Sandra M. Grayson’s book Visions of the Third Millennium “is visionary, original, and substantial.  She takes a signature approach which focuses on black science fiction, an area that is emergent and under-explored, especially from an Africanist point of view. . . . Visions of the Third Millennium:  Black Science Fiction Novelists Write the Future exemplifies Grayson’s engagement in discourse building.  Her original theoretical approach in her groundbreaking book shows that she makes a significant contribution to the academic disciplines of African and African American Studies.”   —Ronald Dorris, Endowed Professor of African American Studies and Professor of English, Xavier University of Louisiana

“Sandra M. Grayson is a serious scholar who has made significant contributions to African and African American Studies through her academic books and through her leadership position as Editor of Network 2000:  In the Spirit of the Harlem Renaissance and Langston Hughes Colloquy.  Her work covers African aesthetic and trans-Atlantic cross influences in African and African American arts, especially literature.  Her approach is different and refreshing.  While other scholars have spent time on obvious remnants in African symbols and references in African American literature, Grayson has in an intellectually engaging and highly competent manner, examined the impact and significance of specific African worldviews in African American literature, film, and oral traditions.  Her scholarly books Visions of the Third Millennium:  Black Science Fiction Novelists Write the Future  (2003) and Symbolizing the Past: Reading Sankofa, Daughters of the Dust, and Eve’s Bayou as Histories  (2000) suggest new paths in literary criticism in African American Studies.  Sandra M. Grayson is well grounded in her field, and also interested in, and conversant with, larger critical issues of society and the world.  Through Grayson’s efforts African American Studies matters are subjects of discourse as far afield as South Africa, Zimbabwe, Lesotho, and Namibia.”  —Alosi J. M. Moloi D. Litt, Professor of Black Studies and English and Chair of the Department of Black Studies, California State University, Long Beach

“Sandra M. Grayson’s well-written and substantial academic book Visions of the Third Millennium:  Black Science Fiction Novelists Write the Future  is important and timely.  In addition to analyzing the ways that writers of African descent use the codes of science fiction to explore various topics, including race and gender, Grayson also discusses how the works interweave influences of ancient African nations. Recognizing  the complexity, distinctiveness, and significance of African nations, Grayson effectively and accurately discusses traditional African cultures. Internationally recognized, Grayson’s  scholarship makes an important contribution to African Studies and African American Studies.” —Muyiwa Falaiye, Professor, University of Lagos, Nigeria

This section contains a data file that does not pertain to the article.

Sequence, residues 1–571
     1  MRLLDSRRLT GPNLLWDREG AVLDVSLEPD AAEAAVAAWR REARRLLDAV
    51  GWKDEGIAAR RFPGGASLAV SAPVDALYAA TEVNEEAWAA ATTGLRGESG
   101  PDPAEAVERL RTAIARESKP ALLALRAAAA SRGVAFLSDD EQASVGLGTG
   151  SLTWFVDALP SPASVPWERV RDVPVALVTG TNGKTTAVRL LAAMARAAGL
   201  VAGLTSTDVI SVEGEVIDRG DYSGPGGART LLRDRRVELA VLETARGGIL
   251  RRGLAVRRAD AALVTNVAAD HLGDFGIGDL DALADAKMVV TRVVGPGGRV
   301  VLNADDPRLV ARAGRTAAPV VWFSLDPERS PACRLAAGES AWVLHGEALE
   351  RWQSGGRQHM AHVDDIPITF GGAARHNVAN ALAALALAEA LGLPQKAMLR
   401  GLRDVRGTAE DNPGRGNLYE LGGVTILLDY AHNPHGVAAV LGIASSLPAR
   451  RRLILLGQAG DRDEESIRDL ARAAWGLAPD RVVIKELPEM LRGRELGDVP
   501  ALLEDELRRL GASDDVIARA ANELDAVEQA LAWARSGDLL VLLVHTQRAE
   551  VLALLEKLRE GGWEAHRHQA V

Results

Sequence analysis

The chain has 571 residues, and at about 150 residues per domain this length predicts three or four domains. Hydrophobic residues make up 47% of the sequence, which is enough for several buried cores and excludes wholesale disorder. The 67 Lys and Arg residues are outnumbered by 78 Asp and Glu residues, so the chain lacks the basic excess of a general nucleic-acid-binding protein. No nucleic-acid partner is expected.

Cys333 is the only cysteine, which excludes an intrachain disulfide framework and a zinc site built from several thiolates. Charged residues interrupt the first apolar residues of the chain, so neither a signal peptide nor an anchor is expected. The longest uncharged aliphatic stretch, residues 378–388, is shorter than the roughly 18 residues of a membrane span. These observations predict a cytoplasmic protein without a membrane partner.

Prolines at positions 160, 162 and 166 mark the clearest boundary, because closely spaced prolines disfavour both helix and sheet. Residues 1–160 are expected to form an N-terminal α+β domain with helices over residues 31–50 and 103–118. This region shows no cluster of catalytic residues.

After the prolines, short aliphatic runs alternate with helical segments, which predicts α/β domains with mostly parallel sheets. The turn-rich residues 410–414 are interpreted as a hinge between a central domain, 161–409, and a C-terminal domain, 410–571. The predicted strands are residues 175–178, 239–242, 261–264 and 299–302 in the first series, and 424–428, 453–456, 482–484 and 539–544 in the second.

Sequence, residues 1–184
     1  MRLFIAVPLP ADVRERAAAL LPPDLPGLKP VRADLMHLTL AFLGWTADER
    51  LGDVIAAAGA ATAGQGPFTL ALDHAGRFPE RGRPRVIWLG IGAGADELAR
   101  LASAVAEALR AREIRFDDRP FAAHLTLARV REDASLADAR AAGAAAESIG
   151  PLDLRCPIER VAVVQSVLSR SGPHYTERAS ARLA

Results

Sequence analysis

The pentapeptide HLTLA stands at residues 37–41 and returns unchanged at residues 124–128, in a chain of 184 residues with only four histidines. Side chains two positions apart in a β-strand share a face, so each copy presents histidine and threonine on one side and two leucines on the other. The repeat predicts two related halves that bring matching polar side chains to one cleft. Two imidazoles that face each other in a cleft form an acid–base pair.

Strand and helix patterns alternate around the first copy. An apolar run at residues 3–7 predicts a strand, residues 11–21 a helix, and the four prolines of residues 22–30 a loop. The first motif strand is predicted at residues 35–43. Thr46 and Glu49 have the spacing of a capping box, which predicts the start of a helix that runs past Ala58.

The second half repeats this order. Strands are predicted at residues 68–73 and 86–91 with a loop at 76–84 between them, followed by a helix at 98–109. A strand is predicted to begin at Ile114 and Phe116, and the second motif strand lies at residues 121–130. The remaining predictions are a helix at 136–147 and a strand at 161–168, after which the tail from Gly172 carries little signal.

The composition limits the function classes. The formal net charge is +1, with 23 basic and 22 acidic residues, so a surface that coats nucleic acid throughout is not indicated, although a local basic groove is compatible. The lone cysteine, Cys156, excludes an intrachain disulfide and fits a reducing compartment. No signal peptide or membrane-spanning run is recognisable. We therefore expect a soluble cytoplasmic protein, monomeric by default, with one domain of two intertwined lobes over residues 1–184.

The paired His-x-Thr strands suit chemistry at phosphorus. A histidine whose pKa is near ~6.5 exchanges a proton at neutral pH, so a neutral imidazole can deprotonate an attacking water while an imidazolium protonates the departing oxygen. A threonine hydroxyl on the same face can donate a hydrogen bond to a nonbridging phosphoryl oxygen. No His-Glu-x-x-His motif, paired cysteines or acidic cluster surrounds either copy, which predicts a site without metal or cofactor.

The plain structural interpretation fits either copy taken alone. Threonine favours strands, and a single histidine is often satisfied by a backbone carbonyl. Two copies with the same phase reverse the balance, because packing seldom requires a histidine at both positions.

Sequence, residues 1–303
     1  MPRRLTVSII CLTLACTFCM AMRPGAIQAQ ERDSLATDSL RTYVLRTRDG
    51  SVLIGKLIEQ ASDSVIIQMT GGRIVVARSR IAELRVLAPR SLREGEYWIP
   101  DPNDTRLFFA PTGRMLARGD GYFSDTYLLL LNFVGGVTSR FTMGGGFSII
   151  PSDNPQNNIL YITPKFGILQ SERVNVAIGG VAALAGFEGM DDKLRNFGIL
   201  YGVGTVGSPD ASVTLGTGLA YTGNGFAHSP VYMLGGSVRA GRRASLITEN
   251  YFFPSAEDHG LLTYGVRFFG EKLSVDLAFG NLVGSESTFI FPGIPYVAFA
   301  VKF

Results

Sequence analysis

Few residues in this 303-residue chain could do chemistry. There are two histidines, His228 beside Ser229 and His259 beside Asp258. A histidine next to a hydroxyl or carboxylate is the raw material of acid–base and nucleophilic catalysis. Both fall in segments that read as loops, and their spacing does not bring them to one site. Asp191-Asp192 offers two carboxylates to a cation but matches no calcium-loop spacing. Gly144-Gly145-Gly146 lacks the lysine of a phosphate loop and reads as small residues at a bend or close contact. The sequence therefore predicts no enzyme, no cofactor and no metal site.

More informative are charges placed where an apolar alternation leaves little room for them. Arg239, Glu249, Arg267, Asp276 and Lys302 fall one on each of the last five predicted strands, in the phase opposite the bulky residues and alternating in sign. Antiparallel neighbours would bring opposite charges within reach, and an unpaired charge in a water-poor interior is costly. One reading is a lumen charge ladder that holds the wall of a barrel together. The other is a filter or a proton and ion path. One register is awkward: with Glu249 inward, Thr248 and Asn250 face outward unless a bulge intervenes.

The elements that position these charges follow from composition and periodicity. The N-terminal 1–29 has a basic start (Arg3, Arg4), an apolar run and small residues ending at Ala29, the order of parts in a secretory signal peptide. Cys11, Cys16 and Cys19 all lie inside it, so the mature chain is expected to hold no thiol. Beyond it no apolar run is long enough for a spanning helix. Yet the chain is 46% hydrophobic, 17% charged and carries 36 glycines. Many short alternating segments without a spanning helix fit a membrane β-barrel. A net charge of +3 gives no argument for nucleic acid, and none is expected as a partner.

Sparks of Resistance, Flames of Change is “a testimony to glorious moments of black people, which hitherto had not been known — a celebration of the transformational power of the black soul.”   The Guardian, Nigeria 

In “Pauline Hopkins’s Of One Blood and Julie Dash’s Daughters of the Dust as Speculative Fiction,”  Sandra M. Grayson analyzes “the role of black women as agents of resistance, forerunners of change and empowerment.  Grayson establishes the criticality of this role by drawing symbolic connections between mytho-historical facts and metaphors of black female power in ancient African societies (nations and cultures), and the relevance of these symbolic connections for ‘contemporary social transformation.’ ”   The Guardian, Nigeria

“Grayson’s groundbreaking study is concerned with how Black science fiction writers interweave the memories of enslaved Africans in their works, revealing journeys in time through Africa that are both metaphorical and literal in their span of physical space, traditional beliefs, and African history . . . .  Refreshingly original, [Visions of the Third Millennium] . . . marks another significant contribution to scholarship by Grayson.”  —Africa World Press

Dr. Grayson’s masterpiece of criticism is powerful and lyrically beautiful. ‘Symbolizing the Past’ compels us to assume greater individual social responsibility and to work toward human transcendence.” —Leonard A. Slade, Jr., Professor and Chair of the Department of Africana Studies and Director of the Humanistic Studies Doctoral Program, University at Albany, State University of New York 

‘Symbolizing the Past’ is a major contribution to a better understanding of our past and future.” —James Jennings, Professor, Tufts University

. . . Grayson’s ‘Symbolizing the Past’ is an important contribution to African American studies, black cultural studies, and women’s studies. . . . She challenges contemporary scholars of African American studies to go beyond a generic Africa in their work, to contend with the diverse and distinct cultures of ‘The Continent.’American Literature

“Examples of constructing history through film, the three fictional narratives which are the focus of Sandra Grayson’s study provide insight into how the role of the African American woman has been overlooked to the point of suppression.  The women in these works are presented as warriors, educators, healers, seers, oral historians, as well as mothers, daughters, sisters, and wives.  Through research into archival materials and study of the symbols encoded in the films themselves, ‘Symbolizing the Past’ reveals the gap between black mythic history and its representation.” —University Press of America



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